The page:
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Saturday, July 18, 2009

Armor Class Interface

A couple passing comments Jonathan Tweet made about the low design quality of old school games, in particular a comment about how ascending armor class scores are clearly better than descending scores, started a minor reaction among old school bloggers. (Fortunately for Tweet, a doom-and-gloom post has directed attention away from him to some extent.) I don't want to attack Tweet directly; who cares how he feels about descending ACs, as long as they work for the people who use them? The real question is whether ascending ACs are "clearly better" than descending ACs, and how this relates to a broader issue of interface design.

A couple years ago, I read The Design of Everyday Things by Donald Norman. It's about the psychology of the design of practical everyday items, like door knobs and door handles, water faucets, telephones, and car dashboards. One element he addresses is affordances, the components of everyday objects that enable us to act on them. There's a psychology to the shape of active components: buttons want to be pushed, levers want to be pulled, knobs want to be turned. One bad design mistake that rises again and again is making the shape of a control component suggest one kind of action -- turning, for example -- when the control requires a different kind of action entirely, like pulling. Another element the book addresses is the way the interface, especially the part that reports the results of actions, must either match the mental map of the people using the interface or give enough clues to let the users figure out the correct mental map. You don't place two buttons one above the other, but map the interface so that the top button lowers the temperature or volume; it's confusing.

The book made me rethink RPG design and inspired me in several ways. For one, it inspired my various mechanics that use the position of dice rolled on a character sheet or "dice map" to generate results. For another, it made me reconsider whether RPG design should be mainly about game design or interface design. But it's also been useful in considering why different games take different approaches to generating a particular result, and which approaches are best under which circumstances. If an ability score table notes plus and minus modifiers, the player expects to add and subtract these modifiers to and from something; it's an affordance. If you see a dice notation like "3d6", you expect to roll the dice.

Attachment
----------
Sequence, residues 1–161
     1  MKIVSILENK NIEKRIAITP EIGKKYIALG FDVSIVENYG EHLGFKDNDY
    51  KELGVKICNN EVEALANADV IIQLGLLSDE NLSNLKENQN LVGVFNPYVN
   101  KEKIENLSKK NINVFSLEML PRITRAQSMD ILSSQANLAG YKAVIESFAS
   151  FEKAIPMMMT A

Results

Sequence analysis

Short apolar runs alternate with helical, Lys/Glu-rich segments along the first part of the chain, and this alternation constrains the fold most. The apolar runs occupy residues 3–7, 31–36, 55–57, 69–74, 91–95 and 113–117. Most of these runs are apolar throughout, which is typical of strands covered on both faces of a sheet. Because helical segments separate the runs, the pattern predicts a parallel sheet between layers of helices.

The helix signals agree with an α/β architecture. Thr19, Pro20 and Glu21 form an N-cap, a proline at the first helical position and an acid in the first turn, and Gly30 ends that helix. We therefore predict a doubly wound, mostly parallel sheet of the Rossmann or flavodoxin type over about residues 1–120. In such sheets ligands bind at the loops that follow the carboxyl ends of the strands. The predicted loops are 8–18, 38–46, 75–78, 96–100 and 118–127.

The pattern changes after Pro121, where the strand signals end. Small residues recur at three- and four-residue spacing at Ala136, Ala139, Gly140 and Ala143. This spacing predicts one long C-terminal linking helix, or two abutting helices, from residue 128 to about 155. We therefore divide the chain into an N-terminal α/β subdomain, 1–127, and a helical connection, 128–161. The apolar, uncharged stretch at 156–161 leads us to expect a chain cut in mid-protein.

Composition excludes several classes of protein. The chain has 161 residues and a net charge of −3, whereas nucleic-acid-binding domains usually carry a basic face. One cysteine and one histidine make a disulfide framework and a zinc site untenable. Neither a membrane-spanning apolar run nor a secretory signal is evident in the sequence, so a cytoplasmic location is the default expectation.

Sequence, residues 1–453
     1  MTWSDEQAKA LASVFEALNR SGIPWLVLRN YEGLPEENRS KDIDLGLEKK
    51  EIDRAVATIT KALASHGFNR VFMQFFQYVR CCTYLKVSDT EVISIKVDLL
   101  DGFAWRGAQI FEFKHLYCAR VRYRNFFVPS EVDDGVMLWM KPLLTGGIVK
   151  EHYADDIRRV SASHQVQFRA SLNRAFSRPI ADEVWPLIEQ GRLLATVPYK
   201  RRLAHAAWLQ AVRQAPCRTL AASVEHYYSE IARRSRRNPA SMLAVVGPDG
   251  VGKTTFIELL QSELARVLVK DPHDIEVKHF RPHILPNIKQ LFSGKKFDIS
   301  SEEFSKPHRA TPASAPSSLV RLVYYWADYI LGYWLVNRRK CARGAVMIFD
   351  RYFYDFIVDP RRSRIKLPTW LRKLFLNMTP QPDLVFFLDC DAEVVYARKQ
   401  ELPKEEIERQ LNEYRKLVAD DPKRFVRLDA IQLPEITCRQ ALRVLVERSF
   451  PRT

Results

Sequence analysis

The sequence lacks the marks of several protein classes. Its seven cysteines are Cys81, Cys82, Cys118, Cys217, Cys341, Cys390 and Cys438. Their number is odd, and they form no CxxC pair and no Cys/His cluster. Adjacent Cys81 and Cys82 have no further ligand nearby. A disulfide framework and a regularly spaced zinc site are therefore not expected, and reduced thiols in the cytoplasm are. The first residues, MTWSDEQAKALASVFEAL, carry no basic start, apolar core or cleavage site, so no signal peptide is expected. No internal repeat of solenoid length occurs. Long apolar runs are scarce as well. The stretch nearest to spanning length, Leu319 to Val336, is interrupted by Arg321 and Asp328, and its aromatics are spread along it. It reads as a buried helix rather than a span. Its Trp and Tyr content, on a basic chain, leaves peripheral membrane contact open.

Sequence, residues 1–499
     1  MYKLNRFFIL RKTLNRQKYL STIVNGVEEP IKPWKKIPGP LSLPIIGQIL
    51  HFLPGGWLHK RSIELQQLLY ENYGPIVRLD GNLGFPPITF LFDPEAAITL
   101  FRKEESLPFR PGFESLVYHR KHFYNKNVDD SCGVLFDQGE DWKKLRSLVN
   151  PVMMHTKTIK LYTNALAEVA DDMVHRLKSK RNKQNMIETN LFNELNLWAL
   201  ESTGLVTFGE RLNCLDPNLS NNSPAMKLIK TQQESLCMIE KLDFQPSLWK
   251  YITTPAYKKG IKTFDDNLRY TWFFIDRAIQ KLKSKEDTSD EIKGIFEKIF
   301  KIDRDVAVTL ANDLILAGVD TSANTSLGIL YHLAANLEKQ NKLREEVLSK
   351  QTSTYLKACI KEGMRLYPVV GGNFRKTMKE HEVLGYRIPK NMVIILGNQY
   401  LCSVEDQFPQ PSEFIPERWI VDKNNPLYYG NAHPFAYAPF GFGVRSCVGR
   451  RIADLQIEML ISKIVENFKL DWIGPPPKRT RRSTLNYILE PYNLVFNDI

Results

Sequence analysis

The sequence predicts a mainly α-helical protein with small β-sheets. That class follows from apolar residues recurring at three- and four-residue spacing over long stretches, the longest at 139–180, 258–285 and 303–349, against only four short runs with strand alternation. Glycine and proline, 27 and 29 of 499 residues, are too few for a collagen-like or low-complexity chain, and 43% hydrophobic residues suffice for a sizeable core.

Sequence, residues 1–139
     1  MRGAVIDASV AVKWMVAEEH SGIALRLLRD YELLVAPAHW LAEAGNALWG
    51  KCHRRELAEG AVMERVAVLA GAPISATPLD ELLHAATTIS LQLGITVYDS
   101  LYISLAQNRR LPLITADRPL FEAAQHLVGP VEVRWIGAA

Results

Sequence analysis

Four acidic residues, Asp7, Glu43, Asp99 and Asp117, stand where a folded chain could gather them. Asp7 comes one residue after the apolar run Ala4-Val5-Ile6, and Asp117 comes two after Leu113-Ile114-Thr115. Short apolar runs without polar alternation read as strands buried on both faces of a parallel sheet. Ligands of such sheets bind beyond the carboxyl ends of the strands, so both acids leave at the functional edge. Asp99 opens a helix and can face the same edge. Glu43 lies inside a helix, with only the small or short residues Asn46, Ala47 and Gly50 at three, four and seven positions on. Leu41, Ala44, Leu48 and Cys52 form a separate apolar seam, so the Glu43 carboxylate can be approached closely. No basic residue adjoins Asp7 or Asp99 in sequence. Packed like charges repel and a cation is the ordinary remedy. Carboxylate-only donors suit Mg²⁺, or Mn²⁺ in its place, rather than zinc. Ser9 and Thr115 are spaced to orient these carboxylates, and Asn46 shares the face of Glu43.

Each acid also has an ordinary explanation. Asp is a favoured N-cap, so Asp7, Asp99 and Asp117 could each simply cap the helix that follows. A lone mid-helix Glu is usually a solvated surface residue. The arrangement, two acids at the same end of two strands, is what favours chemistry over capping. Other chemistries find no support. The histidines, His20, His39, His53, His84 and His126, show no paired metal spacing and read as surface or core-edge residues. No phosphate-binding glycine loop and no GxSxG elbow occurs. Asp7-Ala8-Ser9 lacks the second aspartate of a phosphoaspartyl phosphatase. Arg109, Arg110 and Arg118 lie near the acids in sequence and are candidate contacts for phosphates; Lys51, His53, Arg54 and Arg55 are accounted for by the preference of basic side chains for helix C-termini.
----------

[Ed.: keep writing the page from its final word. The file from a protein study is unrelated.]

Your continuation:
OD&D had descending armor classes, 3e/4e have ascending armor classes. Both have you roll a single die, modify the result, and compare that to a target number. Which is better? From the new school perspective, it's better to use the AC as your target number directly than to look up a target number using the AC as a guide, so for a roll-higher mechanic, ascending ACs make more sense. But it's been pointed out that an old school shortcut is to add the AC directly to the die roll, along with a level modifier, and beat a fixed target number of 20, which is actually a little easier than having a variable target number. Clearly, math isn't the issue.

What's being neglected is the different mappings. In OD&D, the armor classes were originally fixed, non-overlapping shorthand descriptions of armor types. There were no modifiers to AC: Chainmail +1 adds +1 to your opponent's target number to hit, not to your AC. There were no AC 1, AC 0, or negative AC monsters. Since there were no negative ACs, and since the target numbers for the tables were derived from subtracting AC from 20 and modifying for character level, it made more sense to use a descending AC, especially if you used a house rule that made movement rate equal to AC. Under an OD&D "to hit" table approach, almost all modifiers are included in the table already, so there are only three things to be added or subtracted from any number in combat:
  1. magical weapon bonus (+1 or +2,) added to the die roll;
  2. magical armor bonus, added to the target number;
  3. situational bonus of +/- 1 or 2, based on a DM's ruling.
In a sense it would have been better if old school ACs were letters rather than numbers, since having an AC 2 immediately made players imagine an AC 1, which lead to modifications in the game that eventually lead to THAC0 and tables with the repeated 20s. It was AD&D that increased the complexity and confusion by dissociating AC from actual armor type and treating AC as a number that could be modified, or a scale that could be extended in either direction. Once that was done, then clearly it made more sense to use ascending ACs as a target number, since that has a better mapping than positive and negative ACs used as a table look-up.

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